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Z car differences


jpblue1000

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Hello everybody,

I have finally found a car that both myself and my partner agree is worth owning from an aesthetic point of view. She is very fussy!

What Im asking however, what are the main differences between the body shells of the 240's and the 280's. I hope this isnt an obvious and dumb question, but from what i can figure from the searches on the internet they are very similar in body, just lights and bumper diferences. We like the 240z coupe shape what other models had this chassis and body. Also the 2+2 configuration of the 240, does that have a differing rear 1/4 window shape to the coupe.

Where do they mainly rust?

Im sure there are many other questions, so if you have some advice please pass it on, we arent in a rush to find one just yet but are trying to gain as much information about the zed's as we can to make the right decision when we do purchase.

Thanks in advance for your help

Justin P

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Gidday Justin,

Good choice about thinking about getting a Zed. Even better choice asking about them before you start looking to get one. My advice is to use the search function on this website to find what you are looking for. Spend A LOT of time doing your research before you buy.....these cars are old and as you will find out suffer from the ugly rust monster if not looked after. There are many Aussie members here so you shouldn't be without help for to long.

A very basic and brief speal below.

First there was the series 1 240Z. It is the lightest and was the quickest until the turbo 280ZX was introduced. The lightness was due to the small gauge of the sheetmetal and as a result, these early cars tend to rust out in places like the frame rails, floor pans, rear deck, doglegs and sills. I have a S1 and it is amazing where rust can sleep. Most Zed's rust in the same places.

The series 2 240Z has introduced and had very minor changes really. It gained about 220lbs in weight. The 240Z never came out as a 2+2.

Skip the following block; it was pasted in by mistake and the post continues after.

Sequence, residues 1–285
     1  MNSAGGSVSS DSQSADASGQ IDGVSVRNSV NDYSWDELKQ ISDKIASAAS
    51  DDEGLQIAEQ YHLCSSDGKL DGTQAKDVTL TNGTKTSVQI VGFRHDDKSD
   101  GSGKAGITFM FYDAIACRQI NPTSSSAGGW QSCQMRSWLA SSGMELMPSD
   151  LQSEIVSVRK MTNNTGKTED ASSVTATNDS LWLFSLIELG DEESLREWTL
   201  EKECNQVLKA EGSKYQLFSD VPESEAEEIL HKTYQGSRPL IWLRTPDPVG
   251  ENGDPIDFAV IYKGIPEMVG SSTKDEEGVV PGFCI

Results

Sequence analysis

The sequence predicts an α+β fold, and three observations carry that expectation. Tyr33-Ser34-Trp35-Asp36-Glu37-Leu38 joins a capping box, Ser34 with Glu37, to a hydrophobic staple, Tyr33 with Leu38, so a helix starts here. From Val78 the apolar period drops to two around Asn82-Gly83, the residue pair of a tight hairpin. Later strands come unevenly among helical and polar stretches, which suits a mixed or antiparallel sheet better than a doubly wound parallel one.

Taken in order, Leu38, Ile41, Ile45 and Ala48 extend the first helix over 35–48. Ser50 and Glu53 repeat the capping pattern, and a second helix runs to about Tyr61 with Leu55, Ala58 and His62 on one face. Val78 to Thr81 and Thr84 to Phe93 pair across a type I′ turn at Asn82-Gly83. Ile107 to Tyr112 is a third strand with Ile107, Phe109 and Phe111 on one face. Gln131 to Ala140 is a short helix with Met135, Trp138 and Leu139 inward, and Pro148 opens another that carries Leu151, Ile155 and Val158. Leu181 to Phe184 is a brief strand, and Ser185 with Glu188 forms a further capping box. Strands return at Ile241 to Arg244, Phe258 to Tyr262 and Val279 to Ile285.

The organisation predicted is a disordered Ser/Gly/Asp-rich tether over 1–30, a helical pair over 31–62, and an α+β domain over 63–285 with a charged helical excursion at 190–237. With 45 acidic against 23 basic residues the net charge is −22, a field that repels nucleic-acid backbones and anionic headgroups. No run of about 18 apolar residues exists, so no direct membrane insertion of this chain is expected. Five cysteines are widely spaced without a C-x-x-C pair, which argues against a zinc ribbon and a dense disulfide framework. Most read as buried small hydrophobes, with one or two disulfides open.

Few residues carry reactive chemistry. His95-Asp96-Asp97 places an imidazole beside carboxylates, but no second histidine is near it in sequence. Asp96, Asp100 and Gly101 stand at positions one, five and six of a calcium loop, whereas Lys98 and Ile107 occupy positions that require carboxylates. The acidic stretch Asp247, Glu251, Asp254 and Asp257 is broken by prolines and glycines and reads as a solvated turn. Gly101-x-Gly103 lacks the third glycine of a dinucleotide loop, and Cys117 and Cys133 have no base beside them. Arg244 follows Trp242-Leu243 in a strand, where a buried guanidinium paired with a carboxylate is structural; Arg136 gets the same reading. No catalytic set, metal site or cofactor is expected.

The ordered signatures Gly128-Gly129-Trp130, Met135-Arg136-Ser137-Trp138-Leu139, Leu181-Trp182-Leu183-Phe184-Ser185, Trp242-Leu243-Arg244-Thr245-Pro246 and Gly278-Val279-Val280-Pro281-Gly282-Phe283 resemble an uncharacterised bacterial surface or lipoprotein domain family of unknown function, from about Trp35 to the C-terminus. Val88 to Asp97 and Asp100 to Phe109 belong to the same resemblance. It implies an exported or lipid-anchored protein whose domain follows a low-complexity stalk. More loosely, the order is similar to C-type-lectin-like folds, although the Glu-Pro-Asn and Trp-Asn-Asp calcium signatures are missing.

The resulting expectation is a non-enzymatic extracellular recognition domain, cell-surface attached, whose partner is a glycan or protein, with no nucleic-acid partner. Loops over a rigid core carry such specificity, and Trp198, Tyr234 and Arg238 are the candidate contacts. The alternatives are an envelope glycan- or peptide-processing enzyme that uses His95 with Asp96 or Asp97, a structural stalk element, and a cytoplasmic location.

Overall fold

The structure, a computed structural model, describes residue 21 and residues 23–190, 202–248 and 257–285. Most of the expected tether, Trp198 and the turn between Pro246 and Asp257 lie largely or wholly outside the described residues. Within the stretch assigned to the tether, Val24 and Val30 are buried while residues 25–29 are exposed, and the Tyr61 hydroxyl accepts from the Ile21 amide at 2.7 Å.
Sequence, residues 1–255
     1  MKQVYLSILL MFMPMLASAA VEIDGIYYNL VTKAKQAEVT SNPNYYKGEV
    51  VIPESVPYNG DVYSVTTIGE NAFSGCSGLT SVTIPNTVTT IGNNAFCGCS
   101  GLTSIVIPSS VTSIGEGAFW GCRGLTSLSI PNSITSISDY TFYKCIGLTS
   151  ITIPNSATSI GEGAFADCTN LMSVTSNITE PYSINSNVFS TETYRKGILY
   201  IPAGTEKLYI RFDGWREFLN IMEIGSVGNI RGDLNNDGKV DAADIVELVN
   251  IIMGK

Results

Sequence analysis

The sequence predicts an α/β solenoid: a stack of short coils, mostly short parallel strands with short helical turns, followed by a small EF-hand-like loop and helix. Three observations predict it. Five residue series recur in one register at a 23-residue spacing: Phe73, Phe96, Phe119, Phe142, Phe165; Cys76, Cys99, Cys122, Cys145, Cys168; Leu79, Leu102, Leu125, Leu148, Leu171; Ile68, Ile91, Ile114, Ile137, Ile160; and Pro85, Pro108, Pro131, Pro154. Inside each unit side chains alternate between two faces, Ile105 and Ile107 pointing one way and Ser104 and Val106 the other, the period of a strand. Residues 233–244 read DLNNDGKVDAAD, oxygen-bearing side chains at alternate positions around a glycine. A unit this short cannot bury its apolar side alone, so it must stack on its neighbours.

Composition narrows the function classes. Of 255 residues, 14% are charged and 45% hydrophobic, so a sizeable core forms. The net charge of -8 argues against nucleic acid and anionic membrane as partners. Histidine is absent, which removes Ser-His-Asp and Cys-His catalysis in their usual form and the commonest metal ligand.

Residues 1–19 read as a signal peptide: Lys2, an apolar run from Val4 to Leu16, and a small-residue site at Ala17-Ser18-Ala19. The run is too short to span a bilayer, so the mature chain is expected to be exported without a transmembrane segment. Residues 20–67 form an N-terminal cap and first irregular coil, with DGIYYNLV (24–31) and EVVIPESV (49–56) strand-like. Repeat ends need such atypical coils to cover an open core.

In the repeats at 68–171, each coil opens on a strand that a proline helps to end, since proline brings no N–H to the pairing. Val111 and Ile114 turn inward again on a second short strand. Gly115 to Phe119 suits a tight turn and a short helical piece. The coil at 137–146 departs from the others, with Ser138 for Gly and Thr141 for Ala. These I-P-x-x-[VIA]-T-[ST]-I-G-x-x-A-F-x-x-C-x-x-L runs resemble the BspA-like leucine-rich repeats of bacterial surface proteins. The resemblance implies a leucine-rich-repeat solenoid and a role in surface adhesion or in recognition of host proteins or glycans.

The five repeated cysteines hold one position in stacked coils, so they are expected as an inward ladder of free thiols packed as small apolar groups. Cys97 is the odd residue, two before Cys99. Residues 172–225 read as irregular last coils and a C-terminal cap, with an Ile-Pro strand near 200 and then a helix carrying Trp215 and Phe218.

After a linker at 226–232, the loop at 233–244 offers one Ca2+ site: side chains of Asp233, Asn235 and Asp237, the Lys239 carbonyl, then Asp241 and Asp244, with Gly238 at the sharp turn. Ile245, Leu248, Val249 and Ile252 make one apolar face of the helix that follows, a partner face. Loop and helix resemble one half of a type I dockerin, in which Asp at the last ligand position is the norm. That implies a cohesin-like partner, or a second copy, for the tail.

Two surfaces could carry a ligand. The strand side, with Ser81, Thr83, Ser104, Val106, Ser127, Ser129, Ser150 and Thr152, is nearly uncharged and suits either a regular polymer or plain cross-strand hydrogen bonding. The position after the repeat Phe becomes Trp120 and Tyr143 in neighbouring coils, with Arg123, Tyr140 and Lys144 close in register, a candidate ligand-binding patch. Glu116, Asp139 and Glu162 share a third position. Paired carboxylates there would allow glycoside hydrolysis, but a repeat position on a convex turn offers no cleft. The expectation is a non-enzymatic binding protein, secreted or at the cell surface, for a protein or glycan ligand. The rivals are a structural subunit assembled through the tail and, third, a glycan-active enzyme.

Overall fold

New laws in the US dealt the 240Z a early death in 74 with the requirement for more crash protection. The 260Z got heavier again and that is why the engine gained more displacement. They introduced a 260Z 2+2.

The 280Z was introduced and got heavier again hence more HP needed and hence the L28 engine.

Amazingly enough all 3 models look very similar in profile with only bumpers changing the shape.

The best advice I can give you is to buy a car that has the least amount of rust in it. Rust is very expensive to remove and starting with a good base will make your experiance more fun.

But find one and go for a drive.......then you will be hooked for good.

Good luck and remember..............

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Thanks for your reply 240znz.

What I am gathering is that all 240z 260z and 280z models are the same in the body shell save for a few minor variances to accommodate bumpers etc. this body shape seems to have started around 1969 and lasted until about 1980. Is this correct. If it is then any of these models may be suitable to get the traditional 240z look irrespective of under the skin variances?

I have had plenty of experience with rust owning many an english car, and needing to repair rust in the oddest of places, usually upside down and somehow greatly contorted.

Also restored a Lancia beta coupe! Say no more about rust.

JP

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Gidday Justin,

I've got a mate restoring a Fiat 130 at the moment and I thought I had some rust, There's always someone worse off some where.

Buy the best shell/car you can afford to start on. I'm sure that's advise you don't need after restoring a Lancia Beta.

You do realise that once you've driven a Z there is no going back.

Good luck,

Alan P.

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Welcome to the club.

One point. 280z's didnt come out in Australia, only the US.

You know the other differences right? The engine size. 240z had 2.4liters 260z had 2.6liters etc.

Do you want a 2 seater or 4(2+2)

Good idea to search around.

Cheer'z'

Chris

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The 240-260-280Z went from the 70 model year to the 78 model year. We sometimes call the earliest 240Z a 1969 although it's really a 1970 as far as the model year is concerned. The breakdown is as follows. 240Z(1970-1973), 260Z(1974), and 280Z(1975-1978). There were two versions of the 260Z. The early version had the 73 type bumpers and the late version had the larger 75 type bumpers. They were carbureated until 1975 when they added electronic fuel injection. They were two seaters until 74 when the 2+2 became available. They were four speeds until 75 when the five speed became an option. I believe the automatic trans became and option in 1971. (someone check me on that one) What I have stated here is for US spec cars. There were some differences in the other markets.

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Datsun also made a L20 FI model. I've seen a few in NZ, so you might also find a few in Aussie. They look just like a 240Z. Not too sure how they came about but I'm guessing that they were a Japanese domestic market model only.

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